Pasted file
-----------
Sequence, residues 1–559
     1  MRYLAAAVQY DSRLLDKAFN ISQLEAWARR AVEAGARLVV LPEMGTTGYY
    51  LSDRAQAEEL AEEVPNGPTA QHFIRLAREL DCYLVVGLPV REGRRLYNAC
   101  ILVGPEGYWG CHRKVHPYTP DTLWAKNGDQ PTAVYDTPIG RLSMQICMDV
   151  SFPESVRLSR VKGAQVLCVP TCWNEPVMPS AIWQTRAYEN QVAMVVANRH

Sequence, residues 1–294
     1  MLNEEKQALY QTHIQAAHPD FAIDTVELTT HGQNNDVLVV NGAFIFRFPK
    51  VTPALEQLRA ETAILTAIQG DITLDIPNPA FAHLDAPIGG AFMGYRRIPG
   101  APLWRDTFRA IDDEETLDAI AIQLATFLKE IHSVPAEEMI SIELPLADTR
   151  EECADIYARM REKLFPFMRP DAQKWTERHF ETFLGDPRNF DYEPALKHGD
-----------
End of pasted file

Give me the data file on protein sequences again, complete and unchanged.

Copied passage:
Sequence, residues 1–559
     1  MRYLAAAVQY DSRLLDKAFN ISQLEAWARR AVEAGARLVV LPEMGTTGYY
    51  LSDRAQAEEL AEEVPNGPTA QHFIRLAREL DCYLVVGLPV REGRRLYNAC
   101  ILVGPEGYWG CHRKVHPYTP DTLWAKNGDQ PTAVYDTPIG RLSMQICMDV
   151  SFPESVRLSR VKGAQVLCVP TCWNEPVMPS AIWQTRAYEN QVAMVVANRH

Sequence, residues 1–294
     1  MLNEEKQALY QTHIQAAHPD FAIDTVELTT HGQNNDVLVV NGAFIFRFPK
    51  VTPALEQLRA ETAILTAIQG DITLDIPNPA FAHLDAPIGG AFMGYRRIPG
   101  APLWRDTFRA IDDEETLDAI AIQLATFLKE IHSVPAEEMI SIELPLADTR
   151  EECADIYARM REKLFPFMRP DAQKWTERHF ETFLGDPRNF DYEPALKHGD